The last week or so I have spent all of my time outside of class and work finishing up classes for the semester, and cs401 was no different. Between getting slides together for our presentations and finishing up my ethical analysis of the Eucalyptus project, combined with all of my other classes, it has been a busy week.
Today during class Dave, Mike, and myself took a trip over to the server room to flatten the network. Once we had that accomplished, we sat down and and configured two more nodes and edited the Eucalyptus Installation documentation accordingly. To be honest, it was very easy to do following the documentation that Dave had on the Wiki, even if most of it wasn’t necessary anymore due to there being packages we could install instead of having to compile from source. Hopefully some other people can go through the guide and get the rest of the nodes up and running.
Overall I think I learned a lot in this class over the course of the semester. I learned about version control and coding in a team environment, cloud infrastructure and how it all comes together, and a lot of python. All of which I can safely assume will make great additions to my resume. That being said, I’m looking forward to seeing everyone’s presentations next week and seeing how much we have accomplished as a class.
So today I was doing some more documentation on the eutester repo. Everything was going fine until I went to push my changes to the repo. To my surprise, I received a conflict. Confused, i went to the github page to see if anyone had made changes to the file i was commenting. Sure enough, Marcos had made some additions to the comments. I tried to figure out how to fix the conflicts manually in my code but finally just decided to do a fresh clone of the repo and remove my old one. I normally do pulls before I get started on changing anything, I guess I just forgot to today and ran into a conflict because of it. At least I learned a little more about git due to this mistake, which is always good!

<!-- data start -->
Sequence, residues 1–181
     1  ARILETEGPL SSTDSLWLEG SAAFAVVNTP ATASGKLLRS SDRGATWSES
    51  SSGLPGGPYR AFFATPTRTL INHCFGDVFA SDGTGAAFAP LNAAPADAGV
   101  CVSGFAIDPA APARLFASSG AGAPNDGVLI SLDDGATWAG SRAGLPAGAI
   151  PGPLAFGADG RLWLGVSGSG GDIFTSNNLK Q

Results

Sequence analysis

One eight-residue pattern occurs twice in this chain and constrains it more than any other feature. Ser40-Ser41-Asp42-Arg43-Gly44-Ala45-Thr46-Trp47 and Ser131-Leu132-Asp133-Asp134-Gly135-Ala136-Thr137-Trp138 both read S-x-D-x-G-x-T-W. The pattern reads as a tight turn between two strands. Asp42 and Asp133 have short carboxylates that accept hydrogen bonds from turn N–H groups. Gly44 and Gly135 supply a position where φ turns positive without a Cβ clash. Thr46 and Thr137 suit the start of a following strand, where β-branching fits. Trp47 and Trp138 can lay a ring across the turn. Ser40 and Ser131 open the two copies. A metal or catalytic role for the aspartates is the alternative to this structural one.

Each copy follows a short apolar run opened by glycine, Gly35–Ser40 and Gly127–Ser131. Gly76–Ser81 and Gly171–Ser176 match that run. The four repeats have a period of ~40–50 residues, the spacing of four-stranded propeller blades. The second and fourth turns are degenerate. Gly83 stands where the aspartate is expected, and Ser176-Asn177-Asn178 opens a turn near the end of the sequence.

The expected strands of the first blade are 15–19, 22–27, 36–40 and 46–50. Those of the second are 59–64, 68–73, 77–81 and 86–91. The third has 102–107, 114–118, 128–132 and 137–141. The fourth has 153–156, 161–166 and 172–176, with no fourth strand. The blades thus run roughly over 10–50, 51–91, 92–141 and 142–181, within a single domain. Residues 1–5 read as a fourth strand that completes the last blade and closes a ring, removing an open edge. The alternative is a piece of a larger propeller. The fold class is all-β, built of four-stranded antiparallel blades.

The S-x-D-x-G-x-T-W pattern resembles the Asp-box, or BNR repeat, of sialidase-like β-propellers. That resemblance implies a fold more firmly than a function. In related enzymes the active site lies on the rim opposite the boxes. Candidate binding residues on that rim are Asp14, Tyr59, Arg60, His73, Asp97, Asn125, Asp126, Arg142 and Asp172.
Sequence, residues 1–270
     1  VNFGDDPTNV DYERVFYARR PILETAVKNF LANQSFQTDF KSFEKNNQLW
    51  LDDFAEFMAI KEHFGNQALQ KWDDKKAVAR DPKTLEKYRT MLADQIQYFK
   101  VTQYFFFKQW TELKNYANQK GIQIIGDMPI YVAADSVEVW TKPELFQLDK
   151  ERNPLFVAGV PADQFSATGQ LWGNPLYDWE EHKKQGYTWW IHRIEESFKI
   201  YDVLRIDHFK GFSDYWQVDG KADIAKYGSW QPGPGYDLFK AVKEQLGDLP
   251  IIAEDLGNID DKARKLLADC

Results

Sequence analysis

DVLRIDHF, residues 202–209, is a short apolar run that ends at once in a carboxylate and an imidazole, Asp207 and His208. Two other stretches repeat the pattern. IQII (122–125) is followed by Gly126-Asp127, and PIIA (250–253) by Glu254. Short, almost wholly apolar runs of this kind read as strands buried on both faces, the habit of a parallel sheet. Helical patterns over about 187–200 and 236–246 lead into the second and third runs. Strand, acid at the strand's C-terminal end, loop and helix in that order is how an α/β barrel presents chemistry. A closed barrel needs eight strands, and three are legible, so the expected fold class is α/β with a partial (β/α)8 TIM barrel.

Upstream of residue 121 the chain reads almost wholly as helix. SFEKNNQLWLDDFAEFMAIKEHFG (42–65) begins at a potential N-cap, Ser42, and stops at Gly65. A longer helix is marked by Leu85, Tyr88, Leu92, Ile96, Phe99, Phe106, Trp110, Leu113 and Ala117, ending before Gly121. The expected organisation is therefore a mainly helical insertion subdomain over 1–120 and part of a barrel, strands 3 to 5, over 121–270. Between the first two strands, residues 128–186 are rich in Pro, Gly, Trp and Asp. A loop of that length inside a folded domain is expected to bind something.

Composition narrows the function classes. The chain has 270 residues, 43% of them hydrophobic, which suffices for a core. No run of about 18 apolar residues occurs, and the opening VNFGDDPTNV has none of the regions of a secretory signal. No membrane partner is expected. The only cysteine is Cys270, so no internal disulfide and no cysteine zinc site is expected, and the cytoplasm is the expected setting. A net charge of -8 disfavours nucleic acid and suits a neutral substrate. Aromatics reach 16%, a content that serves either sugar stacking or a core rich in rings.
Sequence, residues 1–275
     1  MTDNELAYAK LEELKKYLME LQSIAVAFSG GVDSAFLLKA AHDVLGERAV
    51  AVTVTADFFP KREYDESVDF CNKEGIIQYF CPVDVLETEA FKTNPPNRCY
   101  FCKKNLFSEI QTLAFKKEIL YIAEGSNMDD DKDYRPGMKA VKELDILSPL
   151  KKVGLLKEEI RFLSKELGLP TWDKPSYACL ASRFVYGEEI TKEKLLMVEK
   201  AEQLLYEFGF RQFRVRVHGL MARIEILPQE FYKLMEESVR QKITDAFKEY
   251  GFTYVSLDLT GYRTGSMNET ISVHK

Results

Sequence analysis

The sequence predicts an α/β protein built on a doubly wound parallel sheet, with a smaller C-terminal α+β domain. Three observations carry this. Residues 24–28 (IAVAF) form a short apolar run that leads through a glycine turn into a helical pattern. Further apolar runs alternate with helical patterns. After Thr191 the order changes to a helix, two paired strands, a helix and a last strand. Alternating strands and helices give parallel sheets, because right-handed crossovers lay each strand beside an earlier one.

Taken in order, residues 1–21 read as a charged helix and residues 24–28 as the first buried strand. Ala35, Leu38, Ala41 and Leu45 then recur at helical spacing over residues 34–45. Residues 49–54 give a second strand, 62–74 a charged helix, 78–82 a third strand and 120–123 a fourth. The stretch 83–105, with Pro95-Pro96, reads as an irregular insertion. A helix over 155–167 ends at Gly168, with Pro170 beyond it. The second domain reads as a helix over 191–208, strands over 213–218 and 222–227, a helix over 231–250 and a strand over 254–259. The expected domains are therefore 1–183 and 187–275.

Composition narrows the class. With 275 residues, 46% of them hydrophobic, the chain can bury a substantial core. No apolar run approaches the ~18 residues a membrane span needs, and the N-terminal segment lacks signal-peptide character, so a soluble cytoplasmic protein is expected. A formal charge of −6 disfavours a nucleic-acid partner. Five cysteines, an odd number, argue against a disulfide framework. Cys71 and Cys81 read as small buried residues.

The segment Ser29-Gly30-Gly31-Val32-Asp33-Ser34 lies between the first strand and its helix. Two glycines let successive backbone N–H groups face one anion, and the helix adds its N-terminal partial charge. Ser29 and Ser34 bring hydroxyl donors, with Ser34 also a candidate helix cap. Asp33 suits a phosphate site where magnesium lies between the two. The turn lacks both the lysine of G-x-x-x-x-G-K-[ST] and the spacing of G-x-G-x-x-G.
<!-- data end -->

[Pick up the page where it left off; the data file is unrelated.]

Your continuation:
While things with infrastructure were being dealt with, I decided to jump on the eutester documentation project. So, during class I cloned the repo that kwurst forked and got to it. I took some time throughout the week to go through multiple directories in the eutester code and try to understand how it all worked and connected. I’m still not sure how everything works, but I do have a much better understanding of the code.
As far as documentation goes, I did do some in the eucaweb directory. The files i added to were the euwebaccount.py and euwebgroup.py. These are fairly basic scripts that setup accounts and groups respectively for testing purposes. Once I was done with commenting those for the day, i committed and pushed my changes to the repo. I checked the github page just to make sure and seeing my first push ever was pretty cool!
It looks like a few of us are doing good on commenting the code, so I wouldn’t be surprised if we had this project done within the next week. Now that I have a better understanding of the code I will be able to get some more commits in before the semester is over.
Since Eucalyptus is coded in python, I spend the past week going through online tutorials and learning more about how to code in python. In comparison to any programming languages I have used before, the syntax is very straight forward and easy to comprehend and learn. It may be that python isn’t by far the first programming language that I have learned, or that it is just an easy to learn language in general. Im going to continue with the tutorials I have been using and hopefully understand most of what is going on in the Eucalyptus code so I can contribute to commenting it.
In addition to learning python, I also had to redownload and initialize Euca2ools on my new laptop. This time was actually much more successful than the first time I attempted doing this. I couldn’t figure out how to download the credentials .zip from our matrix cluster yet, so I tested this process out with the ECC credentials. I was able to initialize, create a key pair, find an image, and create an instance of it. In addition to that I was also able to assign that instance an availible IP, SSH into it, and terminate the instance using euca2ools. I did have to use a few extra commands in order to make the process from our euca2ools wiki page work, which i later added in.